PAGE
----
Larry O. Rivers

The less privilege and bureaucracy an institution has, the more likely it is to rely on a leader’s charisma.

Especially for organizations that must weather constant crises, a charismatic leadership model permits rapid decision-making and bold action. Magnetic personalities also solidify a spiritual interconnectedness in their communities; the best are like big-tent evangelists who lift up the weary with “revivals” that grant reassurance amidst tumultuous times.

Historically black colleges and universities – underfunded, under resourced and under attack – often turn to larger-than-life figures to steer them through the storms. For more than three decades, Florida A&M University’s foremost charismatic giant was Frederick S. Humphries Sr., Ph.D.

Humphries specialized in achieving what smaller minds assumed was impossible. As Tennessee State University’s fourth president, he guided the school’s acquisition of the majority-white University of Tennessee at Nashville, bucking the predominant trend in which such consolidations typically resulted in the HBCU being taken over by the predominantly white institution.

The precedent-defying feats continued throughout his 16 years at FAMU’s helm. He more than doubled enrollment, transformed FAMU into the largest single-campus HBCU, outperformed Ivy League schools in recruiting National Achievement Scholars and worked successfully to restore the FAMU College of Law that had been transferred to Florida State University in the late 1960s.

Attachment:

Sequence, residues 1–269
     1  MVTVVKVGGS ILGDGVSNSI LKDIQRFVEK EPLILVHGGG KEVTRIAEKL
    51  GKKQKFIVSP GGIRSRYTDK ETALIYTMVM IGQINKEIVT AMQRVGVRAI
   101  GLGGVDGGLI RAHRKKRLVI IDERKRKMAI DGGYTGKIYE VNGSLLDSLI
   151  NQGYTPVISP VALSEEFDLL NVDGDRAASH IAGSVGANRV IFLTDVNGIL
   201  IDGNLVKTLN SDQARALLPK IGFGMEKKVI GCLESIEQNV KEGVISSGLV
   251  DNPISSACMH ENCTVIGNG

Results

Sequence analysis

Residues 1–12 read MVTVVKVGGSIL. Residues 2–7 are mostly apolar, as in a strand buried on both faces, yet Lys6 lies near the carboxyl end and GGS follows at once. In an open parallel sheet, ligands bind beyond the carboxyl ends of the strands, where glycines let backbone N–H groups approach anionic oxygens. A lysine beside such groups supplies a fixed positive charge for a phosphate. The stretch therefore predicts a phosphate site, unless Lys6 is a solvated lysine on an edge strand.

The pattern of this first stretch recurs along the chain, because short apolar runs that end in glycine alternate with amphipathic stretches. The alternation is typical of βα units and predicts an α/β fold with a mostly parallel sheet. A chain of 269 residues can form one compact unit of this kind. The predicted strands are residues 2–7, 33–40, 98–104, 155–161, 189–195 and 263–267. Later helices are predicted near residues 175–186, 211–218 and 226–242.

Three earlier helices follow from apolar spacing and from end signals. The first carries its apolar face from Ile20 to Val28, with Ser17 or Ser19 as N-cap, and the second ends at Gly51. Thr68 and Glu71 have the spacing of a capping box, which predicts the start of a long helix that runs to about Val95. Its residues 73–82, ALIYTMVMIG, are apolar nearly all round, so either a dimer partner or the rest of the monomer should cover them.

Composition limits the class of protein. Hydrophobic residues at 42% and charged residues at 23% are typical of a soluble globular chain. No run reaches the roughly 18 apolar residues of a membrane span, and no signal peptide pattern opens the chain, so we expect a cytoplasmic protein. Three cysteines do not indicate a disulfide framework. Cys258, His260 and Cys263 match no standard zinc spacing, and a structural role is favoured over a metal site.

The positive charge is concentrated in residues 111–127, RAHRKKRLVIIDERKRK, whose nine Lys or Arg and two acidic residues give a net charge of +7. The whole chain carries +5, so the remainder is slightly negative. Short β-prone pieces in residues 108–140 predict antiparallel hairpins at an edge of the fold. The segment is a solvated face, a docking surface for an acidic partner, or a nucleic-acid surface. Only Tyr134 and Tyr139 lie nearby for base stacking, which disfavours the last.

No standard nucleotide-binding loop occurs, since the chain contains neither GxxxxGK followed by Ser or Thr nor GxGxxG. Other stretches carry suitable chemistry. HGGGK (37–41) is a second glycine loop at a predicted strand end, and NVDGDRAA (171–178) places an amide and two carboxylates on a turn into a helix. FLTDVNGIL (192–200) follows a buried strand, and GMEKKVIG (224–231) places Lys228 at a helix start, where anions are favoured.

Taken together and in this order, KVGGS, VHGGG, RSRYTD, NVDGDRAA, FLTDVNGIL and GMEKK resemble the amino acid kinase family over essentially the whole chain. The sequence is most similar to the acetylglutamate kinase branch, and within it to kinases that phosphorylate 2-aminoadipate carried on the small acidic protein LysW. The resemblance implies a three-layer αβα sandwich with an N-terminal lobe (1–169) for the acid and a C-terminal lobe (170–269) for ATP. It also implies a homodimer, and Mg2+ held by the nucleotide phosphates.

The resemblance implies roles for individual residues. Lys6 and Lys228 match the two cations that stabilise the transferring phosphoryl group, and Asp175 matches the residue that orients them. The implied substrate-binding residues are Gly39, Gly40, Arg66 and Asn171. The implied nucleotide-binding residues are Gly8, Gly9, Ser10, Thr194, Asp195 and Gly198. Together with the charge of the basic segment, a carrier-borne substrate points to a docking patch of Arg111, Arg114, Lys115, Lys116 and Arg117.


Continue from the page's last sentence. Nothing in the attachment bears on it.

He also negotiated a 1987 agreement that made FAMU the direct recipient of the annual legislative appropriation to the FAMU-FSU College of Engineering. This gave FAMU fiduciary responsibility for the college’s budgeting. When FSU tried to snatch the purse strings, he fought back and won.

Every year, his administration earned a clean, unqualified opinion from the Florida auditor general on the financial statement audit. When Humphries retired, he left FAMU with a $22 million composite cash balance, $3 million surplus in athletics and $3 million cash-positive operating budget.

During the darkest hours in FAMU’s recent history, Humphries carried the light of faith and shined rays of hope.

No threat shook his belief that his alma mater could be saved. No challenge dimmed the brightness of his vision that beheld better days for the university. He exuded an audacious joy for FAMU. No one could steal that joy.

The eighth president of FAMU has earned his rest. He is an ancestor and the ancestors must live through us. FAMU supporters must keep his audacious joy and dream alive.


Larry O. Rivers

Humphries dreamed of a FAMU with 15,000 students.

Humphries dreamed of a FAMU with Ph.D. programs in fields such as biology, chemistry, mathematics, computer science and agricultural sciences.

Humphries dreamed of a FAMU that would, once again, share equal power with FSU in the FAMU-FSU College of Engineering following the 2015 restructuring that relegated FAMU to less-than-equal partnership.

Great battles lie ahead on the path to realizing Humphries’ dream. Let us charge forward to “fight and win what’er the battle be.”

Larry O. Rivers, Ph.D., is a historian and FAMU alumnus who wrote a book on the FAMU College of Law published by the FAMU Foundation, Inc.